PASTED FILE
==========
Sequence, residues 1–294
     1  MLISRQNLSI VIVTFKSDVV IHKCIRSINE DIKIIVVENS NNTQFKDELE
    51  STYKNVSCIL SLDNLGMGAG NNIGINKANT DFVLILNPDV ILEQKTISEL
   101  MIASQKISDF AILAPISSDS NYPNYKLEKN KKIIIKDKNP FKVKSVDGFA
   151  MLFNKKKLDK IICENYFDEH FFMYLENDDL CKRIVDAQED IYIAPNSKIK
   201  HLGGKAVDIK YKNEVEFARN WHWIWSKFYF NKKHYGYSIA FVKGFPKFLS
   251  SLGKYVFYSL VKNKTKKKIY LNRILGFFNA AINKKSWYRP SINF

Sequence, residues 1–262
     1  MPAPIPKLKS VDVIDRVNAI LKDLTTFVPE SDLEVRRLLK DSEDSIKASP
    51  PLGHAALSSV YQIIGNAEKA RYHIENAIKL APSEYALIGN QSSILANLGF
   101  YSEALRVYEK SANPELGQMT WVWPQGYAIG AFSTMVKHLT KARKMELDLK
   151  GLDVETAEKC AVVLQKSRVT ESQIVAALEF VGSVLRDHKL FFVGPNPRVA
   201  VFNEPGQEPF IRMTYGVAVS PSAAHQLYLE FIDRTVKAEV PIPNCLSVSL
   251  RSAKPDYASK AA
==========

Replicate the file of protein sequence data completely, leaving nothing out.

Sequence, residues 1–294
     1  MLISRQNLSI VIVTFKSDVV IHKCIRSINE DIKIIVVENS NNTQFKDELE
    51  STYKNVSCIL SLDNLGMGAG NNIGINKANT DFVLILNPDV ILEQKTISEL
   101  MIASQKISDF AILAPISSDS NYPNYKLEKN KKIIIKDKNP FKVKSVDGFA
   151  MLFNKKKLDK IICENYFDEH FFMYLENDDL CKRIVDAQED IYIAPNSKIK
   201  HLGGKAVDIK YKNEVEFARN WHWIWSKFYF NKKHYGYSIA FVKGFPKFLS
   251  SLGKYVFYSL VKNKTKKKIY LNRILGFFNA AINKKSWYRP SINF

Sequence, residues 1–262
     1  MPAPIPKLKS VDVIDRVNAI LKDLTTFVPE SDLEVRRLLK DSEDSIKASP
    51  PLGHAALSSV YQIIGNAEKA RYHIENAIKL APSEYALIGN QSSILANLGF
   101  YSEALRVYEK SANPELGQMT WVWPQGYAIG AFSTMVKHLT KARKMELDLK
   151  GLDVETAEKC AVVLQKSRVT ESQIVAALEF VGSVLRDHKL FFVGPNPRVA
   201  VFNEPGQEPF IRMTYGVAVS PSAAHQLYLE FIDRTVKAEV PIPNCLSVSL
   251  RSAKPDYASK AA